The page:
What causes mass extinctions?
Although the best-known cause of a mass extinction is the asteroid impact that killed off the non-avian dinosaurs, in fact, volcanic activity seems to have wreaked much more havoc on Earth's biota. Volcanic activity is implicated in at least four mass extinctions, while an asteroid is a suspect in just one. And even in that case, it's difficult to disentangle how much of the end-Cretaceous extinction was caused by the asteroid and how much was caused by the steady ooze of lava that was blanketing most of India at around the same time.
While multiple causes may have contributed to many mass extinctions, all the hypothesized causes have two things in common: they cause major changes in Earth systems its ecology, atmosphere, surface, and waters at rapid rates. Here are some hypothesized causes for each of Earth's biggest mass extinctions:
What doesn't cause mass extinctions?
Why do some catastrophic events trigger mass extinctions and others do not? The devil seems to be in the details particularly in the chain reaction of Earth systems disruptions that are triggered (or not) and in the rate at which those disruptions occur. Mass extinctions seem to occur when multiple Earth systems are thrown off kilter and when these changes happen rapidly more quickly than organisms evolve and ecological connections adjust. For example, the asteroid that triggered the end-Cretaceous extinction happened to hit carbon-rich rocks, which probably led to ocean acidification, and hence the disruption of reef formation and the oceanic food web. However, the asteroid that caused the Manicouagan did not hit carbon-rich rocks and so did not set off this chain reaction or such a significant disruption of Earth systems. The Karoo-Ferrar volcanic activity, on the other hand, was so large that it would certainly have disrupted Earth's atmosphere and oceans; however, in this case, the changes came about very slowly. The volcanic activity was spread over millions of years. For comparison, the volcanic activity that may have caused the end-Triassic mass extinction likely occurred in less than 100,000 years, leaving no time for evolution to take place as habitats changed and leading to widespread extinction.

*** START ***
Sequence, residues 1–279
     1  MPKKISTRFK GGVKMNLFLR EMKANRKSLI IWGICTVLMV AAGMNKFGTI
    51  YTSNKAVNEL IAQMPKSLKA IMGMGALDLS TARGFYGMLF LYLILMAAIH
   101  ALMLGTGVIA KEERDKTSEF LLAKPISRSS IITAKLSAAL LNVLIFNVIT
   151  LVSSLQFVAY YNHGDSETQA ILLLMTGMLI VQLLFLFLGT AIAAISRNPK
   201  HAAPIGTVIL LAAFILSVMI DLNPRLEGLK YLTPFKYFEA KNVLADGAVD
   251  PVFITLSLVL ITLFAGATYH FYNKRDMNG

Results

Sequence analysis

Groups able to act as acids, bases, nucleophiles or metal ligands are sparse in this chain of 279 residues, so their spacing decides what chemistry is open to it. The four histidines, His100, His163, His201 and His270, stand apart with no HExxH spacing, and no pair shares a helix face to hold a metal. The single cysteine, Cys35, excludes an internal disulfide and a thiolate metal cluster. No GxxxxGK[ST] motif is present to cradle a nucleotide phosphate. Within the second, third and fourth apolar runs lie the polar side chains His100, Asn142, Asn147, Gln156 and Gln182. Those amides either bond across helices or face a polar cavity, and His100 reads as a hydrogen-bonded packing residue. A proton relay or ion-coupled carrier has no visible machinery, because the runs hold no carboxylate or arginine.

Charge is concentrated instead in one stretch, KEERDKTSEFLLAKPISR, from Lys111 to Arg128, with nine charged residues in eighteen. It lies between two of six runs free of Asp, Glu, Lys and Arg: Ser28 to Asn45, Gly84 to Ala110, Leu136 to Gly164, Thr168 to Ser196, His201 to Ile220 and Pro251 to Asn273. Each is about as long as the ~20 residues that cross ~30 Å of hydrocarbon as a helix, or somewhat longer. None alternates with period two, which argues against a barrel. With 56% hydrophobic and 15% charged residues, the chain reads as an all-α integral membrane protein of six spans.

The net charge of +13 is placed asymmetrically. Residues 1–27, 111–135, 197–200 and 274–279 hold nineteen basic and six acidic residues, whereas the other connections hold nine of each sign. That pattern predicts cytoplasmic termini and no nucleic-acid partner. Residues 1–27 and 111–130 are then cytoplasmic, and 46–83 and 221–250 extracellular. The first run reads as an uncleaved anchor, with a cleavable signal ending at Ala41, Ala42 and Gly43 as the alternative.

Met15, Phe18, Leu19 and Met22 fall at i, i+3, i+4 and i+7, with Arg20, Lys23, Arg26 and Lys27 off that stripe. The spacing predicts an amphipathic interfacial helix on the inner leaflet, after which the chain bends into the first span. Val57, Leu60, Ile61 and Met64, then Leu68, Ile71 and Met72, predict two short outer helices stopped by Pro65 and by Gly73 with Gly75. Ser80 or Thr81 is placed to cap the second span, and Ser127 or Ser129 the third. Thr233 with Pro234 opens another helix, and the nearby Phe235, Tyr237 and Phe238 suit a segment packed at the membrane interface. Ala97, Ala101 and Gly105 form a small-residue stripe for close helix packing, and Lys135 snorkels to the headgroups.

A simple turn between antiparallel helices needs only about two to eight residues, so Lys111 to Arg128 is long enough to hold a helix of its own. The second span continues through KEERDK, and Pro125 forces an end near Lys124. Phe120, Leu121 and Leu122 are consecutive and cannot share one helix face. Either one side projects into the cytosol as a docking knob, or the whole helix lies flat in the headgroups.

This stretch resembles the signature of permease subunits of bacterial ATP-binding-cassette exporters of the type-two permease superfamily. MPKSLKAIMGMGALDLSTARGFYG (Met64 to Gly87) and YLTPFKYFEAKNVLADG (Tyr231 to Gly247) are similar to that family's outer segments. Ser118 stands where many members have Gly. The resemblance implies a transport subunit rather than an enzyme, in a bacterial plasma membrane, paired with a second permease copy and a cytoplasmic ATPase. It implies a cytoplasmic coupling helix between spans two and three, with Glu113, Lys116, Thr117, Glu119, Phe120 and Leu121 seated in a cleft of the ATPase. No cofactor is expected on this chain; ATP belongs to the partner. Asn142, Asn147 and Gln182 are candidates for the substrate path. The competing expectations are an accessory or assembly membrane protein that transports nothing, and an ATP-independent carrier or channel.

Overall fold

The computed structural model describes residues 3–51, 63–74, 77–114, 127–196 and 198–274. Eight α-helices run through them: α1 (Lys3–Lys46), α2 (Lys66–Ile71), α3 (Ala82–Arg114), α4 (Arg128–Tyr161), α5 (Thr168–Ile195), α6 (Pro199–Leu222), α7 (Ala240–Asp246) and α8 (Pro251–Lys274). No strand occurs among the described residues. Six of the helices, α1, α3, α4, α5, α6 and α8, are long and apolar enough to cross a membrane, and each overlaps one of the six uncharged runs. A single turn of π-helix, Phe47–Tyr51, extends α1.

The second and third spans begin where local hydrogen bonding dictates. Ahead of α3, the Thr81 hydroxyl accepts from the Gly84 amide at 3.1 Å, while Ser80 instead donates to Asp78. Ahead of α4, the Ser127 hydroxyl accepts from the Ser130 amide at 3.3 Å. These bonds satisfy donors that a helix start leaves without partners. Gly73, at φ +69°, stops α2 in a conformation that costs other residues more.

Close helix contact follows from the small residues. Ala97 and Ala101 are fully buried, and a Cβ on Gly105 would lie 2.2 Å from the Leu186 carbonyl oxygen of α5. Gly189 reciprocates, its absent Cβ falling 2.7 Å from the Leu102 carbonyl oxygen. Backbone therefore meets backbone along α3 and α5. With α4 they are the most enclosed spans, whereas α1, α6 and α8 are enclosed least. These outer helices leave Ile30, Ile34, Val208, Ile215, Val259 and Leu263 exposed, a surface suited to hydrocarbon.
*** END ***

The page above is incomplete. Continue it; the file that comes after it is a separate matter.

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Chart information from Barnosky, A.D., N. Matzke, S. Tomiya, G.O.U. Wogan, B. Swartz, T.B. Quental, … and E.A. Ferrer. 2011. Has the Earth's sixth mass extinction already arrived? Nature 471:51-57.
Photo of Manicouagan crater courtesy of NASA/JPL; Ferrar flood basalts photo courtesy of Murray McClintock, Department of Geology, University of Otago, New Zealand [permission pending]
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